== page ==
HYPERUNIVERSITY

Taking the Future to the University

Academia depends on the circulation and exchange of ideas, but the tools we currently use have not been made with the needs of researchers in mind. The lack of collaborative tools, tedious publishing processes and friction are just a few of the problems this entails. Tools to improve our scholarly workflows already exist, but remain opaque for many of us, as academic craftsmanship is no priority in most university curricula.

HYPERUNIVERSITY aims to bridge the incomplete digital turn in academia from solid analog techniques to digital ones, fit for the 21st century. HYPERUNIVERSITY provides curated resources for contemporary digital tools and training in computer skills to students and scholars in the humanities. HYPERUNIVERSITY delivers sustainable tool chains for scholarly work, from idea to publication, for authors and publishers. HYPERUNIVERSITY teaches note taking, text editing, reference management, layouting, and collaborative version control. HYPERUNIVERSITY contributes to public debates about research, editing, and digitized publishing practices.

The working group HYPERUNIVERSITY consists of researchers from the humanities, social, and computer sciences. We learned how to use the free resources that others have generously shared on the web in order to reap the benefits of contemporary tooling. We want to give back what we have learned and encourage you to join us in this lifelong endeavour for a better and open world.

Resources

Here is an initial list of resources that we have compiled from the web. Feel free to stroll around those pages and see what might be useful for you!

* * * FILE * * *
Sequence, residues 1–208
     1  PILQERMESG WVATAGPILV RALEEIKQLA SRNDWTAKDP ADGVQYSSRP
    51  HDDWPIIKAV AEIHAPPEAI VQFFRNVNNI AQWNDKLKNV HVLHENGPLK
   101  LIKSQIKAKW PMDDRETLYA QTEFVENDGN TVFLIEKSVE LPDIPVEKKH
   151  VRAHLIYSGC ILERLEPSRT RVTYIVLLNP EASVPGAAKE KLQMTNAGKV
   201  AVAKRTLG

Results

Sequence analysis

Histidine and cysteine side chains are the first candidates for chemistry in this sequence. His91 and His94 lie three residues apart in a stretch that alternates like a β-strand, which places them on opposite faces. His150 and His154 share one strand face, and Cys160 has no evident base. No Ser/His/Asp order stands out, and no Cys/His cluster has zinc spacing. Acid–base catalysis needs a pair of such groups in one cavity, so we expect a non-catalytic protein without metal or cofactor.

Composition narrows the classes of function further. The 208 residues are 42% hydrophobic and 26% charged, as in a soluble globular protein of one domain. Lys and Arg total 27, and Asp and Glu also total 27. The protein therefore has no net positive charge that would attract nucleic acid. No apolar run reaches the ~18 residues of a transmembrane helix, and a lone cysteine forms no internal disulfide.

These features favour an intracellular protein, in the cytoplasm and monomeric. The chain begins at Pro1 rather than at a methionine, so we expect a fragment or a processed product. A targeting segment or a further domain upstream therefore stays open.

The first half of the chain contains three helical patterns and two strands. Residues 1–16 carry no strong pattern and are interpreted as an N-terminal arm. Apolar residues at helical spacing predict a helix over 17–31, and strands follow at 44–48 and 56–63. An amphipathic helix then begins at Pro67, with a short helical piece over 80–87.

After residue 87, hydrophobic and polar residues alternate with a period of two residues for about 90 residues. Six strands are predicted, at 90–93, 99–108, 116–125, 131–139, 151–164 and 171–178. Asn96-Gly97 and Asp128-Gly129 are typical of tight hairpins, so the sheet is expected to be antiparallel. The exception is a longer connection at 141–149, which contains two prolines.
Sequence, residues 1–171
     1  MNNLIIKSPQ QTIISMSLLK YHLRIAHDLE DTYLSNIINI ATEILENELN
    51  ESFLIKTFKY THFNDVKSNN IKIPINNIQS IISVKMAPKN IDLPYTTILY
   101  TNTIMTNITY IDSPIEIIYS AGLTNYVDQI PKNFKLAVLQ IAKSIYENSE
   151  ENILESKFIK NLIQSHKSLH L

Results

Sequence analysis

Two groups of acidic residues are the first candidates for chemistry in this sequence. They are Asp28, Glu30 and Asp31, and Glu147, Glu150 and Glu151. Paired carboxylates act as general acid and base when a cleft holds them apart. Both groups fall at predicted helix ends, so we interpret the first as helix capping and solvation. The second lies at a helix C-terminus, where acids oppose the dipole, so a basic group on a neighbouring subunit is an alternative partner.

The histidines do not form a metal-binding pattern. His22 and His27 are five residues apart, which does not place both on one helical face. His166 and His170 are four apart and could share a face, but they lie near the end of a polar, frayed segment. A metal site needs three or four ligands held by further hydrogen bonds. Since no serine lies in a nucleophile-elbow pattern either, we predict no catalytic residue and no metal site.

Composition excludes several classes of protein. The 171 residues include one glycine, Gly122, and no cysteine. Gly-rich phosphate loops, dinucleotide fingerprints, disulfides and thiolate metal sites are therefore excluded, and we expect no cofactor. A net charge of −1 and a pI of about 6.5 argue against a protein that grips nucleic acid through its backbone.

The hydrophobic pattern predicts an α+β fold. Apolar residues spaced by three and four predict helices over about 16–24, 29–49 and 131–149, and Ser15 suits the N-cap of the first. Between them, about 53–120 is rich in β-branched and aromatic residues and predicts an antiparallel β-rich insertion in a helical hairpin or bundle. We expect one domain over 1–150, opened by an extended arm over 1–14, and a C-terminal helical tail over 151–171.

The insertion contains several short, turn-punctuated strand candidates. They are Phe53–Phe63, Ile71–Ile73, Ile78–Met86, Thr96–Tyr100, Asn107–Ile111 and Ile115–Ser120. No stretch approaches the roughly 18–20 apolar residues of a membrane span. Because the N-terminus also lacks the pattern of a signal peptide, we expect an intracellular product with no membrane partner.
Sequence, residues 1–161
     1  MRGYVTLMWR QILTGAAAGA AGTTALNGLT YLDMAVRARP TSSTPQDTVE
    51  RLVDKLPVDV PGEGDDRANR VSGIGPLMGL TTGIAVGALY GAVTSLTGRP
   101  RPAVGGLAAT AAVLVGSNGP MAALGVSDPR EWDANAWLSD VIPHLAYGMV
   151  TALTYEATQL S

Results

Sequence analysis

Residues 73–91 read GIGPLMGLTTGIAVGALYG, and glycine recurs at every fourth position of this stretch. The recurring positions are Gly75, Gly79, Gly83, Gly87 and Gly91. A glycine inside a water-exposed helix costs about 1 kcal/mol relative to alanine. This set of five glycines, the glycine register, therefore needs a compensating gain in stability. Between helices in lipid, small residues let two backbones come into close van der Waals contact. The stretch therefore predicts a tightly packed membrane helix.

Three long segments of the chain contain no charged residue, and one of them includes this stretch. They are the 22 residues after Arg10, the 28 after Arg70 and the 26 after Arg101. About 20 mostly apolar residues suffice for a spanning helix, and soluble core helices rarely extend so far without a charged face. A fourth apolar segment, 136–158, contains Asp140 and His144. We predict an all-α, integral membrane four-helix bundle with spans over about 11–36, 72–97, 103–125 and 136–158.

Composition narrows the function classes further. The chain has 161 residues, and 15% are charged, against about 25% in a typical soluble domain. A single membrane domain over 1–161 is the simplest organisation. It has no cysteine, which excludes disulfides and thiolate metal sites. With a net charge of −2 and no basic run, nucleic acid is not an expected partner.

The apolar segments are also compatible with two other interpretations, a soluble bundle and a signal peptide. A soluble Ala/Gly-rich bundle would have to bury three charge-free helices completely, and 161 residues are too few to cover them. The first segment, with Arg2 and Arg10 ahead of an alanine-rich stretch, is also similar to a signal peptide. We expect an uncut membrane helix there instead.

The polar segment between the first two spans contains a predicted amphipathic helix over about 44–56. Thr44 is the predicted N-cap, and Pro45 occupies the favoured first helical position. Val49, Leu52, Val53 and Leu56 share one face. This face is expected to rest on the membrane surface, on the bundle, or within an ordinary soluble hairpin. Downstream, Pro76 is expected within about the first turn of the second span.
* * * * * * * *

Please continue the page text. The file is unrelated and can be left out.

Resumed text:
Awesome Digital History (list)
Finding aids for textual and multimedia primary sources with a focus on the western hemisphere and the 19th and 20th centuries. Courses and learning tools to explore history digitally.
— by Moritz Mähr
Awesome Scientific Writing (list)
Scientific writing can extend beyond LaTeX, made possible by formats, such as Markdown (and its many flavours), reStructuredText and Jupyter notebooks.
— by Ashwin Vishnu
Setting Up a Scholarly Writing Environment With Markdown, VSCodium and pandoc (video)
Introduction to Markdown, YAML frontmatter, VSCodium vs. MS Visual Studio Code, Extensions for VSCodium: Markdown Preview Enhanced, Pandoc Citer and Live Server; pandoc, pandoc-citeproc and pandoc-crossref for footnotes, citations and (cross) references; export of BibLaTeX from Zotero, Citation Style Language (CSL); entr for watching changes while writing
— by Axel Dürkop
Sustainable Authorship in Plain Text using Pandoc and Markdown (guide)
In this tutorial, you will first learn the basics of Markdown—an easy to read and write markup syntax for plain text—as well as Pandoc, a command line tool that converts plain text into a number of beautifully formatted file types: PDF, .docx, HTML, LaTeX, slide decks, and more.
— by Dennis Tenen and Grant Wythoff
Getting Started with Zotero 4 (playlist)
This video tutorial will take you through the steps of installing and using the citation management program Zotero (version 4). If you're writing a paper with more than a few sources or putting together a thesis, investing the time into learning how to use Zotero will save you hours of headaches and heartaches down the road.
— by Nicholas Cifuentes-Goodbody
Markdown: Academic Writing in Plain Text (playlist)
In this video tutorial, I show you the advantages of academic writing in Markdown.
— by Nicholas Cifuentes-Goodbody
Create Zettel from Reading Notes According to the Principle of Atomicity
A tutorial on writing Zettelkasten notes from zettelkasten.de
— by Christian Tietze
Git for Academics (video)
A lot of people have asked me in recent weeks how git works. Git is a version control system (VCS) that was originally designed only with software developers in mind. However, git contains unique features that researchers in the arts and humanities can also make use of.
— by Hendrik Erz
My Workflow (blog post)
Following some discussions over on the Zettlr forum I’m attempting to write up my workflow in some kind of coherent fashion. In the spirit of “working with the garage door open” I’m using a task that I’m working on right now. In stepping through the process, then my workflow will become clearer (to me, as well as you). As the genesis of this was to expand on how I use Zettlr, I hope that this will also be adequately addressed and prove helpful for others.
— by Justin Clark